Sometimes, even a long-term investment can be predicated on some short-term catalysts that need to swing the right way for a company. For investors, it's important to be on the lookout for factors that could potentially change your long-term investing thesis.
With that in mind, we asked three of our contributors to highlight a company they will be following closely in the first quarter and why. Here's what makes Adobe Systems (ADBE -0.36%), Charles Schwab (SCHW -2.79%), and U.S. Silica Holdings (SLCA -9.41%) worth following when the next earnings report comes out.
Keeping the ball rolling
Tim Brugger: (Adobe Systems): It's been nothing short of a stellar 2017 for Adobe shareholders. With its stock up nearly 18% in 2017 -- close to 43% in the past 12 months -- Adobe is hitting on all cylinders. That is exactly why it warrants watching this quarter.
Make no mistake: Adobe's strong run is warranted. CEO Shantanu Narayen's push to drive annual recurring revenue (ARR) is paying off handsomely. Adobe finished last year with a record $5.85 billion in revenue and ended 2016 with an astounding $4.01 billion ARR. What makes ARR so critical from an investor's perspective is that unlike an overreliance on new sales to drive growth, recurring revenue is a relatively stable, not to mention reliable, foundation to build upon.
The question going forward is: Can Adobe continue its successful transformation? Investors will know soon with Adobe's first-quarter earnings call scheduled for March 16. Continued growth of Adobe's creative, document, and marketing cloud units is certainly worth monitoring. However, even Adobe's growing momentum in the cloud takes a back seat to its ARR results.
Another benefit to Adobe's ARR push is it should help rein in spending. It simply costs less to service existing customers than rely on new sales. Last quarter was an example of that. Adobe reported a 23% jump in sales to a record $1.61 billion. Operating expenses also increased but by just 13% to $919.6 million. The result was a whopping 63% improvement in operating income, largely due to inexpensive ARR growth. Can Adobe keep the ball rolling?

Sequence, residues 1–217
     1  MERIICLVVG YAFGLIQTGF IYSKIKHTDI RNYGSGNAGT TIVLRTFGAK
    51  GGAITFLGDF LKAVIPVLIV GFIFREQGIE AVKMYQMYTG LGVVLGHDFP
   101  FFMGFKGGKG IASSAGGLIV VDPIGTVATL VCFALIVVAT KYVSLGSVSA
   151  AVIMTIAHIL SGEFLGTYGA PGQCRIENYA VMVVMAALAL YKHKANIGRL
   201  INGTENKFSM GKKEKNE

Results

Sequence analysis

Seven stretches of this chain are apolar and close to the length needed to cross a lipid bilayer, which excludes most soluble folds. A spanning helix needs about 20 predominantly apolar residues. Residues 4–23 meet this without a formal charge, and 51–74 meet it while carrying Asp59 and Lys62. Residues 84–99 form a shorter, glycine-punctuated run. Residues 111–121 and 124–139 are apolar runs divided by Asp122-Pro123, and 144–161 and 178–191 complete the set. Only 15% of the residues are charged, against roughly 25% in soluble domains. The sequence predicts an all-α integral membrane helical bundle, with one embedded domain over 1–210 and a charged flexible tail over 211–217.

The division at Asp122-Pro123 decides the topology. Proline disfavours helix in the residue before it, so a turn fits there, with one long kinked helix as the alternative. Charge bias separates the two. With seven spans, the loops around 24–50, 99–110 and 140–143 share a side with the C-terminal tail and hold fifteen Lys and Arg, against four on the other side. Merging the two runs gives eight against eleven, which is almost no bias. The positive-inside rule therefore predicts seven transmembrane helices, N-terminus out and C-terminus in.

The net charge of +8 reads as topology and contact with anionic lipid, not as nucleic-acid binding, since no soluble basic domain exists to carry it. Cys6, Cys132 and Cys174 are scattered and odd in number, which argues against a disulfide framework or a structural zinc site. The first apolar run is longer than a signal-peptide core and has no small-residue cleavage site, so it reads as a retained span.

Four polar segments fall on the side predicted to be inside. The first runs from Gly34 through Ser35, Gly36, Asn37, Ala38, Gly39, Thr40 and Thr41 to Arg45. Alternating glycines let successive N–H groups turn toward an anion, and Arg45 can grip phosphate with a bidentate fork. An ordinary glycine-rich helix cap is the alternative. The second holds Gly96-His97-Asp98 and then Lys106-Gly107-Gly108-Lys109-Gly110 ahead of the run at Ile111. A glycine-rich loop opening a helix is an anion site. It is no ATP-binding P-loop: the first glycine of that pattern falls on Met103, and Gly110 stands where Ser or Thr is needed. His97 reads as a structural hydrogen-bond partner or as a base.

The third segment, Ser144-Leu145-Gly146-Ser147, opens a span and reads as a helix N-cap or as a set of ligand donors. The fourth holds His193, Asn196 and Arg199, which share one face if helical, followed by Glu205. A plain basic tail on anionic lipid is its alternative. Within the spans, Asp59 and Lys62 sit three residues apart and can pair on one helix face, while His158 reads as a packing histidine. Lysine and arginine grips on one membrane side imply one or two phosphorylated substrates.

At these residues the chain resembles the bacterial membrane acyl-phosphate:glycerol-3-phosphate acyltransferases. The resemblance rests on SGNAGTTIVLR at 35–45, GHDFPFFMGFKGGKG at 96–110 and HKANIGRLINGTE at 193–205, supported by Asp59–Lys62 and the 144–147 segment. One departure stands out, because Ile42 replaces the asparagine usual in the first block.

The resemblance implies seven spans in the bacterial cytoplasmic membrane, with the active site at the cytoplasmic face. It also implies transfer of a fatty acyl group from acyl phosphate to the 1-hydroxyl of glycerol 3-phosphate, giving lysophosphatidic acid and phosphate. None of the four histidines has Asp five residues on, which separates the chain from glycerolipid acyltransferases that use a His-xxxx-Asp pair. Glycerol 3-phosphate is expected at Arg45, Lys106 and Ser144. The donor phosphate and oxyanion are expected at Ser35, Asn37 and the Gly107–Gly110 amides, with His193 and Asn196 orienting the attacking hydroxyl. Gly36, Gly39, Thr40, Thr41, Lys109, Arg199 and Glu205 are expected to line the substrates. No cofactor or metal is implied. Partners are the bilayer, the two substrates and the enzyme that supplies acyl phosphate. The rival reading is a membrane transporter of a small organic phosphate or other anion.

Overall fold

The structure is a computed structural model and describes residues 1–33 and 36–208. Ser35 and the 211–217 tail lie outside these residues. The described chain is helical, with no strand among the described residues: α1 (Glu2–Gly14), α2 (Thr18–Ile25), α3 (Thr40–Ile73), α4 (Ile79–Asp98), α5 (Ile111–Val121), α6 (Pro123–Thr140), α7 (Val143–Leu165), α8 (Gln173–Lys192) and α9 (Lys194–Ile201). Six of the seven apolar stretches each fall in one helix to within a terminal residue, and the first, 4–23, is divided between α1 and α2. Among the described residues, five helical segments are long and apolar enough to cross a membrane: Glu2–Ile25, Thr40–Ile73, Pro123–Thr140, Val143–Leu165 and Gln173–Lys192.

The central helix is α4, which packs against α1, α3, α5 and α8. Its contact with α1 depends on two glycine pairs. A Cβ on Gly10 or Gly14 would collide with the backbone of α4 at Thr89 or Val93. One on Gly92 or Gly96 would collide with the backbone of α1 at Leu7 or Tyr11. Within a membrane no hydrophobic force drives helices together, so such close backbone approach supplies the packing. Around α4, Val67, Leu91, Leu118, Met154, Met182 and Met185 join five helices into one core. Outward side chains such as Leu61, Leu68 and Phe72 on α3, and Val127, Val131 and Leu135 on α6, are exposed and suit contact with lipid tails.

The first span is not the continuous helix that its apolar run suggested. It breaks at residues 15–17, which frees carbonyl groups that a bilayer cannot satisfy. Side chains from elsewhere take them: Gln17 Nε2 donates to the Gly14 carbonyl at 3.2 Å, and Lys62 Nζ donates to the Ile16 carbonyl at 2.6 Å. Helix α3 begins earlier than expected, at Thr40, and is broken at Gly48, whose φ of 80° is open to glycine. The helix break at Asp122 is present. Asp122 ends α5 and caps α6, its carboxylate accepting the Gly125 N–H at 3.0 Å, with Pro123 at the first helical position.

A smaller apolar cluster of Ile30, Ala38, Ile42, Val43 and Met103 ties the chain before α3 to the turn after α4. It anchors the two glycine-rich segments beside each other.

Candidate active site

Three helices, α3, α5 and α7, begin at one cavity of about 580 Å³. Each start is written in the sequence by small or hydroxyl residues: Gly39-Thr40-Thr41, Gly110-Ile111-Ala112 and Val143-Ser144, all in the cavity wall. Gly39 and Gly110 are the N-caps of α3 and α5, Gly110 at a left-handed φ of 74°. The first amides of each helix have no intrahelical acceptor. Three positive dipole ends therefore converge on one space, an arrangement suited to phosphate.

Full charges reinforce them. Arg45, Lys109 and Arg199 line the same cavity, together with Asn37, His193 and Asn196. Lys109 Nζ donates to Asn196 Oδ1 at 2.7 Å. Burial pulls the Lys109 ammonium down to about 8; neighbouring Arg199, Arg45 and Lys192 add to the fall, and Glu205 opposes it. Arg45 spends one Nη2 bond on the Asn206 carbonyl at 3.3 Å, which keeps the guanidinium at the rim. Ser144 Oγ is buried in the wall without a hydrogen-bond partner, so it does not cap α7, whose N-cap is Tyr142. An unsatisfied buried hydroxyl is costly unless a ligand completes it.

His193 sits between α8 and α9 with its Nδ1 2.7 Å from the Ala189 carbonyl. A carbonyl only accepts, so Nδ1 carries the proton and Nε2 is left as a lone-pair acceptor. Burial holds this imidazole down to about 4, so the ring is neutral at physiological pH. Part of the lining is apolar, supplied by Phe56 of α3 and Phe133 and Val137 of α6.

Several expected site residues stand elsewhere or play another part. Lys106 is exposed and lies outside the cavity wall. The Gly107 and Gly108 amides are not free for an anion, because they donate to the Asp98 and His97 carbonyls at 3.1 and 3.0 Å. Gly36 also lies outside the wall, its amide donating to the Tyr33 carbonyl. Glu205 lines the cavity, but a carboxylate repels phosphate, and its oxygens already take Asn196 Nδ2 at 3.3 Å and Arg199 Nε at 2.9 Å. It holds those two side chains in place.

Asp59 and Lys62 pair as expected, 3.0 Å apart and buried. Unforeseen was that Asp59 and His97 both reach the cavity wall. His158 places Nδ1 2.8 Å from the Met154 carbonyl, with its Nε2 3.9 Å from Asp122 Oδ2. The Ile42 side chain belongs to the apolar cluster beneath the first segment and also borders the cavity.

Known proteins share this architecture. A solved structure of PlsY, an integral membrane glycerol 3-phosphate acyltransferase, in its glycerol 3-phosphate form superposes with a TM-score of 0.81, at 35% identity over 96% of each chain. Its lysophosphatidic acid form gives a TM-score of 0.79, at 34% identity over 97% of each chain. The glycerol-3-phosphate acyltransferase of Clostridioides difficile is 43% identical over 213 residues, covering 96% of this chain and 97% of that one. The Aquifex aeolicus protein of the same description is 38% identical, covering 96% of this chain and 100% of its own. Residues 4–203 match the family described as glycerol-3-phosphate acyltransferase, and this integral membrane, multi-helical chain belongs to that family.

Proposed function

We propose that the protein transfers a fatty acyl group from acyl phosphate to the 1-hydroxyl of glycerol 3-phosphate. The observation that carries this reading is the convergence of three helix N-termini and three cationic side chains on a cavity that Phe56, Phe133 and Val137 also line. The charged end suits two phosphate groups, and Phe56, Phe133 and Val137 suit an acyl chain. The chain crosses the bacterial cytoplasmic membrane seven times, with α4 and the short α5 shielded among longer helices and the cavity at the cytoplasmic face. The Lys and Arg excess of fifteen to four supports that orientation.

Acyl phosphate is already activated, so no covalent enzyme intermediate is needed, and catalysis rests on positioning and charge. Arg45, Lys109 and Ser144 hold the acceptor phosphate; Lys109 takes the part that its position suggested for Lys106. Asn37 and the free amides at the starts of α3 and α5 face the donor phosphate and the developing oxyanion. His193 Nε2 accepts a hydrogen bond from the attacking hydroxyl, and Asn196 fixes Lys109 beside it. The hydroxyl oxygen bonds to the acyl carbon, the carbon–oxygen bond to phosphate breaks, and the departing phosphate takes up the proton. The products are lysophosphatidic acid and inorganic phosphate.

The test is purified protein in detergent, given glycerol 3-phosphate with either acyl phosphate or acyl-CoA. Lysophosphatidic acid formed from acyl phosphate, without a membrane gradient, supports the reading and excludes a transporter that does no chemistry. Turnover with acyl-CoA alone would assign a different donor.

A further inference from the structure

The future for brokers
Jordan Wathen (Charles Schwab): I have to hand it to Charles Schwab. The company voluntarily slashed its commission prices and ETF fees to ensure that it maintains lower prices than many in its peer group. That's good for investors, but is it good for business?
The future of the brokerage industry is very much up in the air. As index funds increase in number and size, fewer people are trading individual stocks, pressuring commissions across the industry. As a result, brokers are turning to recurring revenue sources like fund fees, rather than transaction-driven commissions, to earn a profit.
Charles Schwab's model may be best aligned with where the industry is headed, as it generates very little net revenue from pure commissions. Last year, commissions made up just 10% of its net revenue. The vast majority (85% of net revenue) was earned from its banking operation and its asset management arm.
I have little doubt that Charles Schwab's conference call will see a number of questions about the future for brokerage services. Luckily, since it earns very little from commissions compared to competitors, its executives should feel free to be a little more honest in their assessment.
Roaring back in 2017
Tyler Crowe (U.S. Silica Holdings): It wasn't that long ago when U.S. Silica Holdings and the rest of the frack sand industry were left for dead when the price for oil and gas started to collapse in 2014. Production and drilling activity dried up fast, and many frack sand producers were left with a lot of sand in their inventory and debt loads that looked like they were going to drag many players under. Dividends were slashed, debt covenants were breached, and management teams were forced to make desperate equity issuances to raise capital at the expense of large shareholder dilution.
U.S. Silica avoided most of these pitfalls at it had kept a more modest balance sheet heading into the crash, and was able to use capital from equity raises to gain market share rather than need to cover current expenses. This has put U.S. Silica in a unique opportunity to benefit from the renaissance of the frack sand industry as of late.
The first noticeable thing has been the increase in active rigs in the U.S., which recently rose for the 11th straight week in a row to 789, so there is an increase in drilling activity in general. What isn't talked about as much is the increase in sand used per well. Producers have found that more sand per well means better rates of return, so over the past few years, the average sand used per well has increased two to three times depending on the shale formation. So, as we see modest gains in rig count, it will have a multiplier effect on total sand demand.
Last quarter, U.S. Silica saw a 34% increase in sand volumes sold compared to the prior quarter, and management noted on its recent conference call that it expects sand prices to increase as inventories get drawn down and sand producers slowly ramp up production at its idle facilities. This suggests that we could see a strong quarter from U.S. Silica in the first quarter, and 2017 could be a great year for sand producers in general.